Tack on the heavy equipment firefighters carry, the summer temperatures and 12- to 16-hours shifts, Borden cautioned, “this heat will kill people if you push them too hard.”
Crews continued working to extinguish hot spots and prevent secondary fires in Paradise Acres on July 6, but it remained too dangerous for county personnel to assess the site, she said.
Processing the news
Jim and Kim, stunned by the July 5 email, tried to process the new information. When the fire broke out, it was miles from their home. They didn't think they needed to worry.
They enlarged the map, zooming in until they pinpointed their street, a surreal moment, Kim said.
“It's been a very odd day of just deep sadness,” she said July 5.
They didn't know the extent of damage in the area. They didn't know if their home away from home still stood. They slowly digested headlines, the most sobering from The Denver Post describing the blaze as a “tsunami” that consumed their community.
With that, the couple came to accept the cabin was likely gone. They feared more for their neighbors, whose permanent residences were in Paradise Acres, and hoped people prayed for firefighters' safety.
Kim called their property's previous owners, an elderly couple who moved upon retirement. Selling their home was emotional for them, Kim said, and the two families remained in contact.
Kim explained to the wife that fires burned across Colorado and one reached Paradise Acres. They didn't believe the cabin survived. Together, the two women cried over the phone.
“We promised them we would take such good care of their home,” Kim said.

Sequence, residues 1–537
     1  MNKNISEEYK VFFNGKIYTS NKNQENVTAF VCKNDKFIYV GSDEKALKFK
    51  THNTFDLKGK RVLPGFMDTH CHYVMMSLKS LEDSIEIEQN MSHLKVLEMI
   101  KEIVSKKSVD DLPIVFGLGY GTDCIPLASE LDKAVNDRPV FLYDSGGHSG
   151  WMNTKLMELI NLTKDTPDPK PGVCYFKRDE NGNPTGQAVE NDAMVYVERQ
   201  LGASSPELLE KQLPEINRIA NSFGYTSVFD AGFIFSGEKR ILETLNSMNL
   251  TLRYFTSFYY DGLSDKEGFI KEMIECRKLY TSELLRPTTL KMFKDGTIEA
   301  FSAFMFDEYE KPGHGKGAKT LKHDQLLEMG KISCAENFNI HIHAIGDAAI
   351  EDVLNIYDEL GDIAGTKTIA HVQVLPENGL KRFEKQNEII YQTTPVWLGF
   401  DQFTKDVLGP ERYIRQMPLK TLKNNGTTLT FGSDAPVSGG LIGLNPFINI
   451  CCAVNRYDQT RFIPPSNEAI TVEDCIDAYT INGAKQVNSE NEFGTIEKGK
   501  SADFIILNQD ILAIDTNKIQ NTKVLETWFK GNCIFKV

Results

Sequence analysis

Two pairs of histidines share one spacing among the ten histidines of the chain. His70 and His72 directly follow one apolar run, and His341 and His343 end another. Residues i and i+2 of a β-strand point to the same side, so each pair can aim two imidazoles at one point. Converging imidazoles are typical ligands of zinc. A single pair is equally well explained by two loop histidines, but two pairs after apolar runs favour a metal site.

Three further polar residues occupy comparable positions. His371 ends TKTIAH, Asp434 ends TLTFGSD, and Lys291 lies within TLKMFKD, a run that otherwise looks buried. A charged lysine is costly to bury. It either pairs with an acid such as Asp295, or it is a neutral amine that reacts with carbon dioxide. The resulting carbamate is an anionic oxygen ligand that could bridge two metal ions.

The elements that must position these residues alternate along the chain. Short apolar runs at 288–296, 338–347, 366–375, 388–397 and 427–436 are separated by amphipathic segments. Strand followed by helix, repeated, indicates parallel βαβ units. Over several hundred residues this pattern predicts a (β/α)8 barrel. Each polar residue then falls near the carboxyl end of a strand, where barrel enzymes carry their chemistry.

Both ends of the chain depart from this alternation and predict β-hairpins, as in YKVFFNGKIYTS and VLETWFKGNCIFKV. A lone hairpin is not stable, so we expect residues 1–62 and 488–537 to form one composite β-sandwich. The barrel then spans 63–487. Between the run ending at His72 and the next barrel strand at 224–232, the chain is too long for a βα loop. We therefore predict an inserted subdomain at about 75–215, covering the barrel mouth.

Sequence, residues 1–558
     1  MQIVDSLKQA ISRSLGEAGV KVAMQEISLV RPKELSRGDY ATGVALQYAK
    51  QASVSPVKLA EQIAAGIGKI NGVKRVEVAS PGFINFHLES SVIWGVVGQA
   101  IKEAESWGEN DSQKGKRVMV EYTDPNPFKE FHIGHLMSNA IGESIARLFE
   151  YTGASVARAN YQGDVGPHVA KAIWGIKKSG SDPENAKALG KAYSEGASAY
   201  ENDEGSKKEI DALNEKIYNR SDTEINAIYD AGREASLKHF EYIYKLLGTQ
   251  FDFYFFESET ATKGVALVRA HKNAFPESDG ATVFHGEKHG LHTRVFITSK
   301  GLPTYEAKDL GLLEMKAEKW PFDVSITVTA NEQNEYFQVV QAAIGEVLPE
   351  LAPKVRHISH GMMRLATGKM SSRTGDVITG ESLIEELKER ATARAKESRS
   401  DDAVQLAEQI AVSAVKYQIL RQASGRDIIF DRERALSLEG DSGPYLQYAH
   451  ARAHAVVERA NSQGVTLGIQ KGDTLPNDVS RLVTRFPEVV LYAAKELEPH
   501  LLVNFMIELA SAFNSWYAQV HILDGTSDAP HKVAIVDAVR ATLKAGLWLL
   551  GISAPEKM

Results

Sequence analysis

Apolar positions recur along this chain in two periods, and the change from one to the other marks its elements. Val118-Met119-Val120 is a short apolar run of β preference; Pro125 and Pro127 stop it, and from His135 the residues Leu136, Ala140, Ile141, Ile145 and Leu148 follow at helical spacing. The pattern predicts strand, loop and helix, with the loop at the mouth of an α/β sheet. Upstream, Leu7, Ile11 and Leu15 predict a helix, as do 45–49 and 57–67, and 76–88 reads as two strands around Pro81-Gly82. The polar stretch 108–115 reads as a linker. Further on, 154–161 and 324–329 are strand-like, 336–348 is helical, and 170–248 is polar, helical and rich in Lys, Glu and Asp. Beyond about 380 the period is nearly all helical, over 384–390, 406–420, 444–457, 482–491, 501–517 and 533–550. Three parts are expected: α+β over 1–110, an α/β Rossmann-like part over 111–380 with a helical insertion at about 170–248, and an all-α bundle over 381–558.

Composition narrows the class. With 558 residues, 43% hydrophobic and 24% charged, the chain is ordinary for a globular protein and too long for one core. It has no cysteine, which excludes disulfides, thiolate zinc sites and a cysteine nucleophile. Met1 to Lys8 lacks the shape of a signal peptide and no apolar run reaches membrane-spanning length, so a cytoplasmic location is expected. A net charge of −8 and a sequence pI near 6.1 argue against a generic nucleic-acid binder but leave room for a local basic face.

A shared place
The Liberatores and their 9-year-old daughter, Francesca, made the roughly two-hour drive to La Veta — a town with a population of less than 800 people — one or two weekends a month.
They rode ATVs. They went to church. They praised the town for its tight-knit, welcoming culture.
If they weren't using the cabin, they shared it with family and friends.
Jim's sister and about 10 more relatives were staying there the weekend of June 29 when neighbors knocked on the door and told them new evacuation orders meant everyone needed to leave.
They took with them the one item Kim and Jim asked they grab — a logbook in which each person who stayed at the cabin wrote about their experiences.
The couple watched a community meeting led by emergency managers and livestreamed online July 5. No information was available on specific homes, but the fire reached 35 percent containment, the most yet.
Come July 9, the Liberatores still didn't know their home's status. Getting little news was frustrating, Kim said, but they'd again tune into community meetings scheduled that day in hopes they'd learn more.
The fire had reached 70 percent containment, heartening news for those on the frontlines, but had scorched more than 107,600 acres.
“We'd like the people in the community and the folks in Paradise Acres to know that our firefighters are doing everything they can to protect their homes,” Borden said July 6. “We'd like to thank the folks in the community for all the support.”